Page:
When thinking about wine to have with this, I was after something quite full and earthy and thought it could take a fair amount of tannin too.  However, I’ve got a cold at the moment and can’t smell or taste that well, so decided not to go overboard with it as I wouldn’t really be able to tell how well it went that well.  I ended up with a bottle of Cotes du Rhone Villages Cairrane, which wasn’t what I had first had in mind (I somehow don’t generally imagine southern Rhone wines with beef for some reason), but as far as my impaired senses could make out, it went quite well.  It was big (14.5%) and fairly tannic (ripe though, so not astringent) with a good mouthful of grenache fruit and firmly on the dry side.

Feb 14th, 2009

9 Comments to 'Cottage Pie with Three Cuts of Beef'

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  1. Auhhh man, you ruined the surprise!

  2. Helen said,

    ooh, three cuts, I like it! Shame it wasn’t as good as your previous effort, kidneys do add a lovely richness don’t they? I love the anchovy butter on the brocolli by the way.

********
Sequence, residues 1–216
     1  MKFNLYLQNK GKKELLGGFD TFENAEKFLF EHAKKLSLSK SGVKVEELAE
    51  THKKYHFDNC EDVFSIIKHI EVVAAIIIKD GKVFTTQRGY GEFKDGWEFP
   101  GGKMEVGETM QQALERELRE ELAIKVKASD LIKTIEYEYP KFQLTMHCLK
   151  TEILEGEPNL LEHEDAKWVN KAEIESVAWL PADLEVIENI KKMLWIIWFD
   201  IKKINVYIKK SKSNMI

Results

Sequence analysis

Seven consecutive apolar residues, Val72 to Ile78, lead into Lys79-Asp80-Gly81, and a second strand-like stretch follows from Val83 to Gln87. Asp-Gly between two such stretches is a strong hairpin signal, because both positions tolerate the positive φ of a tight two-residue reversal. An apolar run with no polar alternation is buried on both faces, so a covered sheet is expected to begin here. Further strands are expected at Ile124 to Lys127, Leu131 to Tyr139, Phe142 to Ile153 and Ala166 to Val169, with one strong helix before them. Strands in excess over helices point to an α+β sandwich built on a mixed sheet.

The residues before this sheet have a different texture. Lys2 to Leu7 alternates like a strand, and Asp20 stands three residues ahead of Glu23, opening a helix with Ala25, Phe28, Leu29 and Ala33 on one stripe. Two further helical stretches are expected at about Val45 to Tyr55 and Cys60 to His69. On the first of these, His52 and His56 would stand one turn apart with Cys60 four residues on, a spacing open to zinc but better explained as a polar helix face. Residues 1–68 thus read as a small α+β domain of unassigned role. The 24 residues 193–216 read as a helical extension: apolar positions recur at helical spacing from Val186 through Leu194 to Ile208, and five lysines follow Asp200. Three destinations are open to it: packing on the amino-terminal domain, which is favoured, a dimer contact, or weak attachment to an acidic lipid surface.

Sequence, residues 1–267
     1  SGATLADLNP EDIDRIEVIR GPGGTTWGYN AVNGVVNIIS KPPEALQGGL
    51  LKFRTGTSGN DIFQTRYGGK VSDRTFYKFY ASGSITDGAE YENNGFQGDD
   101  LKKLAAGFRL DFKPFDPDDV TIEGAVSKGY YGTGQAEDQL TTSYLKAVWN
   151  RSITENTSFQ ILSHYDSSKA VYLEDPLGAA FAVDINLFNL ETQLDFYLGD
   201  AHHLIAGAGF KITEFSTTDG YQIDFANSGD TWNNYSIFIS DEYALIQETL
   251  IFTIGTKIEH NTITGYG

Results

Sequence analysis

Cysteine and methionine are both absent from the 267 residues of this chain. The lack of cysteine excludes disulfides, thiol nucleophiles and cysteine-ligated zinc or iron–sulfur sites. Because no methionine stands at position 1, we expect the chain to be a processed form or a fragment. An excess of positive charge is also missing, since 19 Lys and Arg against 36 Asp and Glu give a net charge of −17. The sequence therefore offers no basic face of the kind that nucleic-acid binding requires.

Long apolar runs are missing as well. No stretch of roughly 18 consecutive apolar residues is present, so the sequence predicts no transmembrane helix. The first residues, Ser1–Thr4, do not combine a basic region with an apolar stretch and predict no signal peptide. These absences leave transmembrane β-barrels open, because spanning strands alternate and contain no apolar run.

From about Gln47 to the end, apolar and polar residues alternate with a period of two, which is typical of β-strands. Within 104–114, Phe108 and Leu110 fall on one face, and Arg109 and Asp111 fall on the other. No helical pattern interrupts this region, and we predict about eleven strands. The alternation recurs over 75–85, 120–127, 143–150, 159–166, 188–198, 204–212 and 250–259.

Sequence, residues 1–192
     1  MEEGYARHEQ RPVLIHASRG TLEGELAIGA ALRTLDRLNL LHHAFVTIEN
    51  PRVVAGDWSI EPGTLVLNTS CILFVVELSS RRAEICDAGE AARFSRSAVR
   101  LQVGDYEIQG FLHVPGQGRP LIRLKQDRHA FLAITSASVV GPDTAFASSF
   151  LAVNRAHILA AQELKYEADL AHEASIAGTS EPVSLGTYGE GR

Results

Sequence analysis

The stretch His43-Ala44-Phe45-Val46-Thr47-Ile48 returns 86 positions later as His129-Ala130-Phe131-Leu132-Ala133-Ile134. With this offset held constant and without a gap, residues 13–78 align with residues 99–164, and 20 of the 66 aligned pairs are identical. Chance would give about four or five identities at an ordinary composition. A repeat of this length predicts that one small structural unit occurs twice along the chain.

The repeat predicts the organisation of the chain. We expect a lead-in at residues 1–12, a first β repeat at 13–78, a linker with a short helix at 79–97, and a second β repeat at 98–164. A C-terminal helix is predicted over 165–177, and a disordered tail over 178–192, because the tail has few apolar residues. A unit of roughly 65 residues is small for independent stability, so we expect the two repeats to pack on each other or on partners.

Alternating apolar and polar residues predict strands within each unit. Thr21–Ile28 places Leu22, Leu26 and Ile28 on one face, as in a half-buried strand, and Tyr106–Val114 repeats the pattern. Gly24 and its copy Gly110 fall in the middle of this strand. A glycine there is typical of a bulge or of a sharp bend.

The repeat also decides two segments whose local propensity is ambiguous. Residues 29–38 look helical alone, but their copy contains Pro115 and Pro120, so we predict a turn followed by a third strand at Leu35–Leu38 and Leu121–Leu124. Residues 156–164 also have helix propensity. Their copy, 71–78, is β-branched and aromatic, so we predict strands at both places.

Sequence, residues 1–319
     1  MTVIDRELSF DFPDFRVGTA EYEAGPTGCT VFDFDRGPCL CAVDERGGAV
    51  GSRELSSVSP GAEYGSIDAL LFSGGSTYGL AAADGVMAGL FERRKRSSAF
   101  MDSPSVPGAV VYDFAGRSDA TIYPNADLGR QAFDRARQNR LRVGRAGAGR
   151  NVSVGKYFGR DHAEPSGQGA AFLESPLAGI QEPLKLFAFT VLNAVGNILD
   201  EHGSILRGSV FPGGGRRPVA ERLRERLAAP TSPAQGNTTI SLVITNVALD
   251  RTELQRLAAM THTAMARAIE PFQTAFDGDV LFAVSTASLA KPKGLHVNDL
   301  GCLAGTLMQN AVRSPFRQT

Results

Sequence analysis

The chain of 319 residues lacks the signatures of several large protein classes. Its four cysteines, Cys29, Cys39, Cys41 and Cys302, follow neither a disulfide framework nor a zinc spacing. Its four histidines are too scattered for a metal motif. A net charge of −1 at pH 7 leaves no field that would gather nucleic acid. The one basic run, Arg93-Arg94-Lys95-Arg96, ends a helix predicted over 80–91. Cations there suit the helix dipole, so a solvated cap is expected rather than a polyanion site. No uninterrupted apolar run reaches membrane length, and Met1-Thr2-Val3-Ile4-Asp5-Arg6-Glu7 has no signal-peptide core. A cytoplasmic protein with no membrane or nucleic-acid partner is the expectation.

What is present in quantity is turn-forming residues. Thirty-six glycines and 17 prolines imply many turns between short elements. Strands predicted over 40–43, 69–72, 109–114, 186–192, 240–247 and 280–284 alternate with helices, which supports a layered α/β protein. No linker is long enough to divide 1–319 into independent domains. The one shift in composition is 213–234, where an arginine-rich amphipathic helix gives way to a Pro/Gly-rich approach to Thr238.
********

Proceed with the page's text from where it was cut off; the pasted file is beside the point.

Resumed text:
Helen’s last blog post..Bompas and Parr: The Jellymongers

  3. Lizzie said,

    That picture is making me drool. Did you add cheese on top last time? maybe it was that… cheese tends to make everything taste better….

  4. Kerri said,

    What surprise, Nicole?!

    Thanks Helen. I think it probably was the kidney that made a difference, the liver obviously wasn’t the right choice this time.

    You’re right Lizzie, I can’t think of any exception to that rule!

  5. Ros said,

    I hadn’t read your wrrite up on the shepherds pie but I like the idea of adding in kidney to that. I don’t think I’d use calf liver for a recipe like that because its just too gorgeous on its own. To me it would be like using fillet steak in a vindaloo- not a disaster, but not the best way to use a subtle flavour, epecially when it costs so much. If you’re looking for offally unctiousness perhaps ox tail might have worked? Or maybe even finely chopped, slow cooked tongue?.

    Ros’s last blog post..Exotic

  6. Stephen said,

    Ros, I think you’re right about the calves liver – it did get a bit lost mixed inamongst everything else. Kidneys would have been good again, but we wanted to try another angle on the idea rather than recreating it again in beef form 🙂

    We did briefly consider oxtail instead of shin when we were having trouble finding shin; maybe we could have tried both.
    And coincidentally we did see a tongue while discussing all of this but didn’t think to put it in… in hindsight it sounds like a good idea!

  7. Antonia said,

    This looks so tasty. I loved the look of the Shepherd’s Pie you did previously so this really appeals. Anchovy butter on the broc sounds wonderful too.

  8. sophie said,

    absulutley gorgues i loved it i eat it all by my self i know wiegh 24 stone ahahha lol i have 3 months to live x r.i.p to me